Jump to ContentJump to Main Navigation
Litigating Across the Color LineCivil Cases Between Black and White Southerners from the End of Slavery to Civil Rights$
Users without a subscription are not able to see the full content.

Melissa Milewski

Print publication date: 2018

Print ISBN-13: 9780190249182

Published to Oxford Scholarship Online: November 2017

DOI: 10.1093/oso/9780190249182.001.0001

Show Summary Details
Page of

PRINTED FROM OXFORD SCHOLARSHIP ONLINE (oxford.universitypressscholarship.com). (c) Copyright Oxford University Press, 2020. All Rights Reserved. An individual user may print out a PDF of a single chapter of a monograph in OSO for personal use. date: 04 December 2020

Confronting Fraud Through the Courts

Confronting Fraud Through the Courts

(p.128) 6 Confronting Fraud Through the Courts
Litigating Across the Color Line

Melissa Milewski

Oxford University Press

Chapter 6 examines the fraud cases that black southerners litigated against whites in the first two decades of the twentieth century, in which they accused whites of deception in property dealings. Such cases formed an unusually large proportion of civil cases involving black and white litigants in the state supreme courts examined during the first two decades of the twentieth century. In case after case, black litigants testified about their diligence in attempting to understand contracts, their own ignorance and vulnerability to deception, and their trust in the defendant. As such testimony appealed to white judges’ and jury members’ ideas of racial superiority and paternalism, as well as the legal claims needed to prove fraud, their cases often proved successful despite the widespread loss of rights and fraud occurring around them.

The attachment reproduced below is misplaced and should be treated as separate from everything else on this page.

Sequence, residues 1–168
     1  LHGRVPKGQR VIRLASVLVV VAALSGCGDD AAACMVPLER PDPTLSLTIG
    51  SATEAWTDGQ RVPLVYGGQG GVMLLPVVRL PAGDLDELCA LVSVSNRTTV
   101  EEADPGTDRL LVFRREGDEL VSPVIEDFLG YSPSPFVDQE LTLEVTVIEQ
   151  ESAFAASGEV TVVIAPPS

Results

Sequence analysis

Keywords:   Fraud, South, Jim Crow, race relations, African American, court, civil case, law, property, trial

Oxford Scholarship Online requires a subscription or purchase to access the full text of books within the service. Public users can however freely search the site and view the abstracts and keywords for each book and chapter.

Please, subscribe or login to access full text content.

If you think you should have access to this title, please contact your librarian.

To troubleshoot, please check our FAQs , and if you can't find the answer there, please contact us .